College Hosts ‘What Can Feminism Speak To?’ Dialogue


Photo Courtesy of the Chellis House

(Left) Katha Pollitt, a columnist at The Nation, spoke at the event. (Right) Janell Hobson discussed intersectional feminism at the panel.


Students and faculty gathered to listen to the dialogue between Katha Pollitt and Janell Hobson in an event titled “What Can Feminism Speak To?” in Wilson Hall on Wednesday, Sept. 27. The lecture presented the topic of intersectional feminism and the realm of womanhood throughout all aspects of life.

The event, which included a lunch with Pollitt and several students the following day, was sponsored by the president’s office, the feminist studies department and the Chellis House.

Pollitt is a feminist critic and writer of the column “Subject to Debate” for The Nation. Hobson is an associate professor of sexuality at the University of Albany, State University of New York. The talk was hosted and moderated by Middlebury professor Laurie Essig. Throughout the talk, the women touched on intersectional feminism, the 2016 election and feminist celebrities.

Pollitt began the dialogue talking about how essentially everything affects women because women exist in every sphere of life. She mentioned that when she asked women what their preoccupations were, they gave answers such as race, health care, cyber security, Silicon Valley, LGBTQ rights, trans issues and reproductive justice.

On reproductive justice specifically, Pollitt stressed that choice is important, but not enough. She said that women need resources in order to raise children, and that therefore reproductive rights extend beyond pregnancy into motherhood.

“This aspect is not mentioned enough,” Pollitt said, adding that class is often a factor. “Choice is hampered if a woman is poor.” She also pointed out the inherent imbalance in who is responsible for family planning. “Why is it women’s jobs to fix everything?” she said. “I’m still waiting for that big march where men march for birth control for men.”

Hobson agreed with Pollitt that most aspects of life have a gender component. However, she added that feminism should speak to the most marginalized, not just the mainstream. Feminism has traditionally focused on white, middle-class, straight women, making it an exclusive, and therefore hypocritical, advocacy for equality. Hobson added that this focus on white women has created a false competition between white women and men of color, which leaves women of color entirely out of the picture.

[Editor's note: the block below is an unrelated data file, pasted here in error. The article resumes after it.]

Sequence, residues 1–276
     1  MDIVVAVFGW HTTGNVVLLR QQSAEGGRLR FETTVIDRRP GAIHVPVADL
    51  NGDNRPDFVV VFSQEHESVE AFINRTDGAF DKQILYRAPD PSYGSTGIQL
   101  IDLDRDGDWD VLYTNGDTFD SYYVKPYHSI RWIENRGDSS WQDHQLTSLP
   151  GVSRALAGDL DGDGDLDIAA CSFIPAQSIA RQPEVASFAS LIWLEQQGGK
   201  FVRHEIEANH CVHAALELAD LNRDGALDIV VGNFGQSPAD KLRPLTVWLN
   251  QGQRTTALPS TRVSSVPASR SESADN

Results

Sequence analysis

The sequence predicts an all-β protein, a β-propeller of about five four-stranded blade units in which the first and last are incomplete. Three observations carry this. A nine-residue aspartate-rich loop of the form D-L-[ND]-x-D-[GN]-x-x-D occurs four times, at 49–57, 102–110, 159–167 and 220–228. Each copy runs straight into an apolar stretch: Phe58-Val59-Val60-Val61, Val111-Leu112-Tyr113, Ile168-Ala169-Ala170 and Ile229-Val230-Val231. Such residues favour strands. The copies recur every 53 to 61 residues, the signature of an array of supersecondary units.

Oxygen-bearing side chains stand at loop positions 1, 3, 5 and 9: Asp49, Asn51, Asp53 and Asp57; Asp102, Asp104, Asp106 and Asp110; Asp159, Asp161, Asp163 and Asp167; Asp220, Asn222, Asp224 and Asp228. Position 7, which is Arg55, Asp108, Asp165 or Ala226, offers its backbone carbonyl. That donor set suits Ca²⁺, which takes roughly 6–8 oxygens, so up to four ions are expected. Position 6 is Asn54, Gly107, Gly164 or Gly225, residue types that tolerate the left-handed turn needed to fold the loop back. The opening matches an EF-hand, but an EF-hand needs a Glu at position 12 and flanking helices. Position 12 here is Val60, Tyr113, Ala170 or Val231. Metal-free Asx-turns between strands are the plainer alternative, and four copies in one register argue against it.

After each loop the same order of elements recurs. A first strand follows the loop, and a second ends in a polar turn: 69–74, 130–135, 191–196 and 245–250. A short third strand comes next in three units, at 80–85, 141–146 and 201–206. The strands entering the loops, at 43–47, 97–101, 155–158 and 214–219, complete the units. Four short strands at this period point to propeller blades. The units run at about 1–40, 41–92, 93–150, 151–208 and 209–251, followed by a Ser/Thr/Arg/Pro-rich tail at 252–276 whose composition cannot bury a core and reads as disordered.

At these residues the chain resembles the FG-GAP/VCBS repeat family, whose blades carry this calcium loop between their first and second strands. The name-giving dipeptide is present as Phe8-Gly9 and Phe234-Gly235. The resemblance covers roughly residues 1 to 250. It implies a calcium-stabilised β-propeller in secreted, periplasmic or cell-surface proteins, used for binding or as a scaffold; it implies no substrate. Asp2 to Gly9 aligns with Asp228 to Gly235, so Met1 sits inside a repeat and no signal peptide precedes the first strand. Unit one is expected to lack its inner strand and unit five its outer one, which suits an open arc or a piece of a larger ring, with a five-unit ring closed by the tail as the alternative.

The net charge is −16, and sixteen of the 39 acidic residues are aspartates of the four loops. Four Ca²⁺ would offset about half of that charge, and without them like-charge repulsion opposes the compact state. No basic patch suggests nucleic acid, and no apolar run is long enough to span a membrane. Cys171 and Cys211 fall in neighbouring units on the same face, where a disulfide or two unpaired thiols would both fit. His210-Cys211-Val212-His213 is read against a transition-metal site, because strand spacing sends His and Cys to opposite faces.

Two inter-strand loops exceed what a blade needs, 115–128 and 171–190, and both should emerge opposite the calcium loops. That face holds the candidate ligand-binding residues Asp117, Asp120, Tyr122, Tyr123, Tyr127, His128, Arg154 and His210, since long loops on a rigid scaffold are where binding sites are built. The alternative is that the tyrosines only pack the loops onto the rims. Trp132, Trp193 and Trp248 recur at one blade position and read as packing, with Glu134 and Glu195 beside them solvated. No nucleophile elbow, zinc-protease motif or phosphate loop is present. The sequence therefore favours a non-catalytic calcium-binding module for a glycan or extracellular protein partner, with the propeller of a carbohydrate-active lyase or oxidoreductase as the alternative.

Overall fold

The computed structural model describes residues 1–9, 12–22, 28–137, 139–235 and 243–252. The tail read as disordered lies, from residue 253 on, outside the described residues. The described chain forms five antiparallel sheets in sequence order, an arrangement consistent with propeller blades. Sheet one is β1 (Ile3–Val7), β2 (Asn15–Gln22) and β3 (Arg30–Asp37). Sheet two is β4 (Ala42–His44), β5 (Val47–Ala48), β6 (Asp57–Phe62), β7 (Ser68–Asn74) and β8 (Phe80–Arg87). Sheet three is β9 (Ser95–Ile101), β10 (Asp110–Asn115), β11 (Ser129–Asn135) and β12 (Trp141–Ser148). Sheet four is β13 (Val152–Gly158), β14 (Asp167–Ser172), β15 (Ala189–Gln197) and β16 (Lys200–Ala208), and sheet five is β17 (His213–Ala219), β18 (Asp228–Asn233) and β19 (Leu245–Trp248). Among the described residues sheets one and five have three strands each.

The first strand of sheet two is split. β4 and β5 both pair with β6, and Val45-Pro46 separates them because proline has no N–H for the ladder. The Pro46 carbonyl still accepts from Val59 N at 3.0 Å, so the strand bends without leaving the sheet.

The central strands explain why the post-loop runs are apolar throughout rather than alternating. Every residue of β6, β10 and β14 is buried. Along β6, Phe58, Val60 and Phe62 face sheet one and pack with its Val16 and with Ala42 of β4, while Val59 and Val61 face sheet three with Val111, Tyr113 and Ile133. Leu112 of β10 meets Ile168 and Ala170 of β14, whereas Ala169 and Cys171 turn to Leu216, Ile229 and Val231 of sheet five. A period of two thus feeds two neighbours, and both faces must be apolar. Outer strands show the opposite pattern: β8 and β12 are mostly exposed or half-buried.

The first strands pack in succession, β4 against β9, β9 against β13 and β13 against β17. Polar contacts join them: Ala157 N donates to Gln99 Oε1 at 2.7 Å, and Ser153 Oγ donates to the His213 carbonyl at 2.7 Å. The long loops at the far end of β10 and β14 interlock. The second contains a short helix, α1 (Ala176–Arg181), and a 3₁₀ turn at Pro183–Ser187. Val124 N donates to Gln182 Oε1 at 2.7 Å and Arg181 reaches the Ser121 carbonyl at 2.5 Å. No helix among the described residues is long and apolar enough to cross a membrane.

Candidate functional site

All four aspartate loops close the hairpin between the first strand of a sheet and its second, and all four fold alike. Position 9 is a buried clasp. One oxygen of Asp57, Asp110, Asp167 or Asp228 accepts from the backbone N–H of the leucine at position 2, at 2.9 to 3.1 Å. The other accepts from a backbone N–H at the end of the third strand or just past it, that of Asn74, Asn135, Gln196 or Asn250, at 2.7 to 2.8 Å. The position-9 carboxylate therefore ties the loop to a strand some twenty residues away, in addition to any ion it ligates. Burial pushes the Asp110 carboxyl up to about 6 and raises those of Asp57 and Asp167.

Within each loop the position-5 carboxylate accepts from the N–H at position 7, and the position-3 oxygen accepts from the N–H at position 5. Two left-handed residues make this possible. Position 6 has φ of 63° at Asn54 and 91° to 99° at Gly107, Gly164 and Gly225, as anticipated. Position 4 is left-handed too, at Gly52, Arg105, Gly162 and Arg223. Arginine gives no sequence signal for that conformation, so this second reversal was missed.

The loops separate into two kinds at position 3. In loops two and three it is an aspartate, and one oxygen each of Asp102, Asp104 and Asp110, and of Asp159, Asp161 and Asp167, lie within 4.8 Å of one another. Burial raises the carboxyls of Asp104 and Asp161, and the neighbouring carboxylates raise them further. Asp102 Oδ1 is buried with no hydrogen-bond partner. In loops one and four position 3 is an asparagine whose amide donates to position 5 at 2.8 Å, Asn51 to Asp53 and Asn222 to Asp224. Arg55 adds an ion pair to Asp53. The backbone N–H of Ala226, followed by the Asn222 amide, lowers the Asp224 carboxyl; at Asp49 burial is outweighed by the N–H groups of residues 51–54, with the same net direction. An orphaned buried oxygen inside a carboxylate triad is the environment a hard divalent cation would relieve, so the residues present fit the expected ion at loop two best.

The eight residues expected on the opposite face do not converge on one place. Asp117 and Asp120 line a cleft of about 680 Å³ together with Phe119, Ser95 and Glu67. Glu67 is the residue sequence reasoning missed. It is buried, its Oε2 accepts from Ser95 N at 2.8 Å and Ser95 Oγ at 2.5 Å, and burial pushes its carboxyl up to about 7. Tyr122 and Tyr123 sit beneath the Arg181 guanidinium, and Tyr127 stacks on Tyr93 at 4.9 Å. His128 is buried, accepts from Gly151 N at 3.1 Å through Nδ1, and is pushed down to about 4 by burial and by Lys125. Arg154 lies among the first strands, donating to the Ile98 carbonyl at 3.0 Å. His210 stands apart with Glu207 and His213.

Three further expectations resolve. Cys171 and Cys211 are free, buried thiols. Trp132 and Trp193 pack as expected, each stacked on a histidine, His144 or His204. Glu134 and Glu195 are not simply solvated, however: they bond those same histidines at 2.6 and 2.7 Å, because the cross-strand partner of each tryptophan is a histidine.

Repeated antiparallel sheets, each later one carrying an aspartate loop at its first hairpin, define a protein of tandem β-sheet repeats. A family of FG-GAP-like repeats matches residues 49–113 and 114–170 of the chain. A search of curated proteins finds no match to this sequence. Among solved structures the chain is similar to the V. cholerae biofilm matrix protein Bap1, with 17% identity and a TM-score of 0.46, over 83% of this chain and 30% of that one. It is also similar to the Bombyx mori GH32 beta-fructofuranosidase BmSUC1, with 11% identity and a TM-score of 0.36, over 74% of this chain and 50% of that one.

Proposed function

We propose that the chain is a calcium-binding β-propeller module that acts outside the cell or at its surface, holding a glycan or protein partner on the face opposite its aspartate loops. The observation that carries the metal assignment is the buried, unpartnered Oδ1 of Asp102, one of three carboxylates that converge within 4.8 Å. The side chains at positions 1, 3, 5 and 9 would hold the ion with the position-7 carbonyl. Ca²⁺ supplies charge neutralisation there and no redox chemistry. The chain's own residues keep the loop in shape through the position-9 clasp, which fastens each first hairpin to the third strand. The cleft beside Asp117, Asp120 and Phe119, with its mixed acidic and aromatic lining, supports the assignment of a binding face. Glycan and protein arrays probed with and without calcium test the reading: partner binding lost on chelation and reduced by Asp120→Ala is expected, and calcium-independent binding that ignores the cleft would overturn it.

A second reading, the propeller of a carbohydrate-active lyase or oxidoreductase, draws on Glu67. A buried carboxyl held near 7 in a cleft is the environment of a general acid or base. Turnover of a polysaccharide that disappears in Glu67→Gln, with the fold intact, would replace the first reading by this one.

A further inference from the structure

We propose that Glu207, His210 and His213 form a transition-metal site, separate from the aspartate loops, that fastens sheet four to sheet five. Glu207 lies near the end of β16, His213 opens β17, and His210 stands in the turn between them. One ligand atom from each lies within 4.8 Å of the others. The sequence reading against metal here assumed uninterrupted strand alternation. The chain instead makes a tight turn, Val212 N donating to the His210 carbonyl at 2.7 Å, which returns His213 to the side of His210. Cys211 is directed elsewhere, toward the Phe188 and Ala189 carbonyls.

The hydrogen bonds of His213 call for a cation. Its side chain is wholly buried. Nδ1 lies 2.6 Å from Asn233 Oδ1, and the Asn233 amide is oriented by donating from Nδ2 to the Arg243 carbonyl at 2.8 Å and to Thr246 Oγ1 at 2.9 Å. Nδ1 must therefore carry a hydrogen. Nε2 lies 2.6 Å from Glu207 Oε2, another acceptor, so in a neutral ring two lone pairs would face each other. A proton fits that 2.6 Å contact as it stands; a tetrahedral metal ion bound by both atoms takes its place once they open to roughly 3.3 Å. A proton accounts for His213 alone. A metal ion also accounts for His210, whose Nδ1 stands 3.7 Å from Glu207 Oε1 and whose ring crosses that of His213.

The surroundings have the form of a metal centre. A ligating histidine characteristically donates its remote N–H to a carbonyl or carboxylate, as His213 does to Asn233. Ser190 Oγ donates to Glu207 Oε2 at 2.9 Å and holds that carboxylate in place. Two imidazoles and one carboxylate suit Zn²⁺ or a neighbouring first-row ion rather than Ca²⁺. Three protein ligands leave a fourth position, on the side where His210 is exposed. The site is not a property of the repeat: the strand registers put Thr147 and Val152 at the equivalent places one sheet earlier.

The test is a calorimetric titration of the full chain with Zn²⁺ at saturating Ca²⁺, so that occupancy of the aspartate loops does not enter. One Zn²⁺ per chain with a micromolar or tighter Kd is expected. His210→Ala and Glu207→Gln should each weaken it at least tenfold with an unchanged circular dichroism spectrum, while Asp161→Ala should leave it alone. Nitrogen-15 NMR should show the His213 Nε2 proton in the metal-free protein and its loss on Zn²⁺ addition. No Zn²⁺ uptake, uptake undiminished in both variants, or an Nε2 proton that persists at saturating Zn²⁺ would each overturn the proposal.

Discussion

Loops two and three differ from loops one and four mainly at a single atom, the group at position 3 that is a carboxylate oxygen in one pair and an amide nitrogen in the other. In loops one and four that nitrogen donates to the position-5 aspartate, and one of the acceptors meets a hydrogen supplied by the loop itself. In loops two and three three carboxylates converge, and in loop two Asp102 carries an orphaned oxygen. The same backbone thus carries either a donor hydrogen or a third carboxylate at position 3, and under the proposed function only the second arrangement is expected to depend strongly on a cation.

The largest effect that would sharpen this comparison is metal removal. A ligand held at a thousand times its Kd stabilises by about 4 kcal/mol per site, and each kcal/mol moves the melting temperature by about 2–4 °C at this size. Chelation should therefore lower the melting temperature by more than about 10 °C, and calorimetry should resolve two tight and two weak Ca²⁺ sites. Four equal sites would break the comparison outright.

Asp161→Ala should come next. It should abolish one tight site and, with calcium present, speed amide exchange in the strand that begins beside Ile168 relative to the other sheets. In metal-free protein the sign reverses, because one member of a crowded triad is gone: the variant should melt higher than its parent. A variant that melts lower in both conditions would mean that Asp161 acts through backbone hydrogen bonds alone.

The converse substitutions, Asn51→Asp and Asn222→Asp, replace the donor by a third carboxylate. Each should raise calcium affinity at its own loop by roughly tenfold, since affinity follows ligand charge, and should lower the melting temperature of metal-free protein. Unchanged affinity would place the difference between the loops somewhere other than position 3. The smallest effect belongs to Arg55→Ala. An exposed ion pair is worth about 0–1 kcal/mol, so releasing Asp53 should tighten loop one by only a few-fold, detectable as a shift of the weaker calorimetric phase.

“If we start with women at the bottom, think of how all other women are implicated,” Hobson said. “When black women get free, every woman gets free.”

Hobson also talked about women and sexism in politics, touching on the fact that Huma Abedin, vice chair of Clinton’s 2016 campaign, blamed herself for Clinton’s loss because of a sexting scandal involving her now ex-husband, Anthony Wiener. Hobson related this incident to the public’s reaction to the Bill Clinton scandal, for which Hillary was criticized throughout her campaign, and for which Hillary is often still blamed.

Pollitt also expressed the importance of supporting Hillary in the election’s aftermath while the public, including President Trump, continues to attack her.

“I don’t even look at the question ‘if Hillary were a man would she have won?’” Pollitt said. Instead, she says she asks, “If Trump were a woman would he have won? If Trump were a black man would he have gotten anywhere? If Trump were anything but a white man?”

This liberal sentiment won cheers and applause from the audience. But one student, who identified as a woman and a Democrat, expressed a concern that Republican women were excluded from feminism in the current political climate that labels Trump supporters as sexist and misogynist.

“You have to be able to overlook a lot of what Donald Trump said about women in order to vote for him,” Pollitt said in response.

Commenting on the 53 percent of white women voters who voted for Trump, Hobson also discussed the distrust many women of color had of Hillary. “I need to think of what it means to distrust the white woman,” she said. “When we talk about power and privilege, we don’t expect Trump to support [women of color], but we don’t expect white women to, either.”

The two speakers also addressed pornography, sexism related to technology and celebrity feminism, speaking briefly of celebrities who shun feminism and those who embrace it. Hobson discussed Beyoncé, about whom she wrote a cover story about for Ms. Magazine in 2013. Hobson described her impression of Beyoncé’s feminism to be an evolution.

“When I wrote that piece, I was still unclear about how feminist she was,” she said. “But I didn’t have to defend her because six months later she released flawless.”

Students who attended to talk enjoyed the different perspectives on stage. “I liked that, despite their differing viewpoints on some issues, Janell and Katha were able to agree on the key ideals of feminism and why it’s so necessary,” said Taite Shomo ’20.5, who attended both the talk and lunch. “I think that it’s important given the current political climate to be talking about feminism and especially intersectional feminism, and that Janell Hobson’s point about helping out the most marginalized people really spoke to that.”

President Laurie L. Patton made a similar point in a school-wide email sent before the event.

“Katha Pollitt and Janell Hobson are leading feminist voices of their generations, but also write from different points of view,” Patton wrote.

The Office of the President will be sponsoring more critical conversations throughout the year in the hope of opening up discussion to various academic perspectives.

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